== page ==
The Fun of Snowshoeing
In the warmer months there is not much more enjoyable to me than to get outside and into the woods for a nice long hike. I also enjoy hiking in the colder months when there is a little snow on the ground, but where I live we can get a large amount of snow during the winter months. I don’t know if you have ever tried hiking in deep snow before or not but it can be tiring. That’s when I turn to the Snowshoes.
Snowshoes are thought to be one of the first inventions of man and there is evidence of them being used as far back as 4000 B.C. They helped the aboriginal peoples migration expand and inhabit the northern hemisphere. Along with the invention and use of the ski they have helped a many number of pioneers, hunters and adventurers navigate their way through the expanses of cold and deep snow.
Snowshoes have a history of being made from wood and sinew. They have also been made from tree branches and bark or leather. In more recent times you can find them in a variety of man made materials such as aluminum and plastic. You can spend the time to make your own from kits you find on line or simply pop down to your favorite box store and pick up a set for around $50. If you do not know if you will enjoy them or just do not have the space to store them, there are a number of places you can find that will rent them to you by the hour or for the day. This is a great way to test them out so you don’t buy something you wont use.
The way snowshoes work is by distributing your weight so that you don’t sink into the snow too far. This doest mean you will float on top of the snow necessarily, just that it will keep you near to the top of the accumulated snow creating less resistance of snow against your legs.
Walking with snowshoes is not the same as walking without them. Your walking stance is wider and you have to keep it in the back of your head that the shoes are wider than your feet so that you keep from setting one shoe down and landing it on top of the other shoe. This is where poles come in handy much like hiking or skiing poles they help you keep your balance. I recommend using them when you are getting started. I am positive that you will use them. As you get used to wearing snowshoes you may not need them as much, but I still like use poles when I am out. They might save you from a tumble into a snow drift.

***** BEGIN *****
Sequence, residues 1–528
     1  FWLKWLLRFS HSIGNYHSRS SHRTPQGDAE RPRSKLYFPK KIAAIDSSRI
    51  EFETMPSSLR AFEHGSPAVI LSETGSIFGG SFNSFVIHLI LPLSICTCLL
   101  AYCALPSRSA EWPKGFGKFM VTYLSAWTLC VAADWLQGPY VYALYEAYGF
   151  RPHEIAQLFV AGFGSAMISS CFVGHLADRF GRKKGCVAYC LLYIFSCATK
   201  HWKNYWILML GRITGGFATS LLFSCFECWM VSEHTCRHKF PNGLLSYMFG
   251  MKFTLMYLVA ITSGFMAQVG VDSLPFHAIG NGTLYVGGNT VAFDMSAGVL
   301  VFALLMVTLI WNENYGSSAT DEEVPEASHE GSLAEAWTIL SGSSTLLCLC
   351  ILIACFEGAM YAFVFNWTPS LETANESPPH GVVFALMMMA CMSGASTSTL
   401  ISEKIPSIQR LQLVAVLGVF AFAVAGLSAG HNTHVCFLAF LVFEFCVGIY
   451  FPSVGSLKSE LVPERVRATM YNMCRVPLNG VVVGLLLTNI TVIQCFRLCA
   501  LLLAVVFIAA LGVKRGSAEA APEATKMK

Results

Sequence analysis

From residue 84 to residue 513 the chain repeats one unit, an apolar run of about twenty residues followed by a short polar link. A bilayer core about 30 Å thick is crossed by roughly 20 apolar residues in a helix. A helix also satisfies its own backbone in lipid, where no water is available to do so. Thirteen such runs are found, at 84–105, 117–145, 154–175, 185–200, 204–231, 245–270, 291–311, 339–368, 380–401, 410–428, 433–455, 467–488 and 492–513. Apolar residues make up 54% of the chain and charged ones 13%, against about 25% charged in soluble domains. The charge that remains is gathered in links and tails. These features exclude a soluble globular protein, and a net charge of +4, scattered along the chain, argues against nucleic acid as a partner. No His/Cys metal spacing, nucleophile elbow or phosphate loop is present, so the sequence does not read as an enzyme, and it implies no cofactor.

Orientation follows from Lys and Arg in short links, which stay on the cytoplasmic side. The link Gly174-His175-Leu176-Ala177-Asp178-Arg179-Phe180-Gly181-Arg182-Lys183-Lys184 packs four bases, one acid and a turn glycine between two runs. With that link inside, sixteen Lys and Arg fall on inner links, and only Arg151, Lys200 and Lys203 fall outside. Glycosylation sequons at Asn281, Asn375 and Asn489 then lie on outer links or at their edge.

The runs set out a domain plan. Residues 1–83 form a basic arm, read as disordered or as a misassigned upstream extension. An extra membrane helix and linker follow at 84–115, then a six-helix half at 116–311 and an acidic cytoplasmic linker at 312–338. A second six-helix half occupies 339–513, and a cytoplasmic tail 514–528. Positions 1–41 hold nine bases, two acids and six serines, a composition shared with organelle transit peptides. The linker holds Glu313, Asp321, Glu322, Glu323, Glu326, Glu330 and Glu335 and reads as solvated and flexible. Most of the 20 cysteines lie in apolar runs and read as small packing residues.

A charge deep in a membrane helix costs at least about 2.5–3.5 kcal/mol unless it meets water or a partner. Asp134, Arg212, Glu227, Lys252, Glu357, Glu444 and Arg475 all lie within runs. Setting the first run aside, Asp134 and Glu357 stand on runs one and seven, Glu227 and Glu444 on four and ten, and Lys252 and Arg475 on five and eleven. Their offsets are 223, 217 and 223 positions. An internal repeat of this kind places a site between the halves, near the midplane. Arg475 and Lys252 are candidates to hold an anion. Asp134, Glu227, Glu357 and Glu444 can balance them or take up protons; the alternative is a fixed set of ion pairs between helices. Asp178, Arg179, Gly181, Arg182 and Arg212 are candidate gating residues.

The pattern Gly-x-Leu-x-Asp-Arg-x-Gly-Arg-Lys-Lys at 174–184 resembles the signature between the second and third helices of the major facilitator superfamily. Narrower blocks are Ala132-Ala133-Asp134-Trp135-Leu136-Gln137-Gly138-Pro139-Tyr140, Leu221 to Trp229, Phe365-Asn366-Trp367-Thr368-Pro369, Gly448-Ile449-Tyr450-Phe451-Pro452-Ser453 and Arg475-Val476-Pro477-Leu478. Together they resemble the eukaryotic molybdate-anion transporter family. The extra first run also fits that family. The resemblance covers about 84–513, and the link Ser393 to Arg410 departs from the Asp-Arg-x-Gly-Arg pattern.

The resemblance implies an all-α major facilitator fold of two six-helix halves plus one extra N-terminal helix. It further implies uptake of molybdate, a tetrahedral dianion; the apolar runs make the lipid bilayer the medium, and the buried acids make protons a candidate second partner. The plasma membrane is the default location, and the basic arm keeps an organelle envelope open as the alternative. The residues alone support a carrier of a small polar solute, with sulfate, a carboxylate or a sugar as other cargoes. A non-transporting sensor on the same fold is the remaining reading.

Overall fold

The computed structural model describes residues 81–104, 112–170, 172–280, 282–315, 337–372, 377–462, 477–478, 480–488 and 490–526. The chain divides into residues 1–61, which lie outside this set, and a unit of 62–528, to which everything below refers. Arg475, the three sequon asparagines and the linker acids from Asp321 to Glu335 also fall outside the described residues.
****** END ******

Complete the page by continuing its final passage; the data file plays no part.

I also recommend a good stretch before and after a good adventure with snowshoes. You may be surprised to feel different muscles that you normally don’t use, start to fatigue and you may end up with a little soreness the next day as a result. I always stretch before I hike anyways, I want to do all I can to avoid injury and keep hiking!
If you are heading out on your first snowshoeing adventure, please be smart. Seek instruction if needed. Make sure you know how to put the shoe on properly. Always dress for the weather, I recommend dressing in layers and bringing a small backpack to store these layers as you shed them. Its also a good idea to keep a rain jacket, first aid and emergency kit as well as drinkable water in that backpack. Above all get out, get a little exercise and enjoy the day out in nature.
by Dick from TentCampingHQ
Have you ever been snowshoeing?
Do you have any tips or concerns when it comes to snowshoeing?
If so please leave a comment below!